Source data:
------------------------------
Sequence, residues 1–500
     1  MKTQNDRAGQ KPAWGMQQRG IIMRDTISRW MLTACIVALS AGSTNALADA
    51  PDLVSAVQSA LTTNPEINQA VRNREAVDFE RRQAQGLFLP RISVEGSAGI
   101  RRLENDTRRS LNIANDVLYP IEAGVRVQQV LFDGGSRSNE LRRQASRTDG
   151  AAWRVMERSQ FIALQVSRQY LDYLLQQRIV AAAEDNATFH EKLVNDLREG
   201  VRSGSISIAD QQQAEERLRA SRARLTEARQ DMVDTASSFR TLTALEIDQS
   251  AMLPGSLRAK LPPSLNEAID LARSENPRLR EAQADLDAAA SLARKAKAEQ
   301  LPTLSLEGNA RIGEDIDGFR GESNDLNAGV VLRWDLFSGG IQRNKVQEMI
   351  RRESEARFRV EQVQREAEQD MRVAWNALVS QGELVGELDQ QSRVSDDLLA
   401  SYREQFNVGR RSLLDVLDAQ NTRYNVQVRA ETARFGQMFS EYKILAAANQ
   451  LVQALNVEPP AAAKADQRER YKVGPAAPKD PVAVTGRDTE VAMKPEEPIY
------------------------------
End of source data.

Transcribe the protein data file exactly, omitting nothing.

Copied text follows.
Sequence, residues 1–500
     1  MKTQNDRAGQ KPAWGMQQRG IIMRDTISRW MLTACIVALS AGSTNALADA
    51  PDLVSAVQSA LTTNPEINQA VRNREAVDFE RRQAQGLFLP RISVEGSAGI
   101  RRLENDTRRS LNIANDVLYP IEAGVRVQQV LFDGGSRSNE LRRQASRTDG
   151  AAWRVMERSQ FIALQVSRQY LDYLLQQRIV AAAEDNATFH EKLVNDLREG
   201  VRSGSISIAD QQQAEERLRA SRARLTEARQ DMVDTASSFR TLTALEIDQS
   251  AMLPGSLRAK LPPSLNEAID LARSENPRLR EAQADLDAAA SLARKAKAEQ
   301  LPTLSLEGNA RIGEDIDGFR GESNDLNAGV VLRWDLFSGG IQRNKVQEMI
   351  RRESEARFRV EQVQREAEQD MRVAWNALVS QGELVGELDQ QSRVSDDLLA
   401  SYREQFNVGR RSLLDVLDAQ NTRYNVQVRA ETARFGQMFS EYKILAAANQ
   451  LVQALNVEPP AAAKADQRER YKVGPAAPKD PVAVTGRDTE VAMKPEEPIY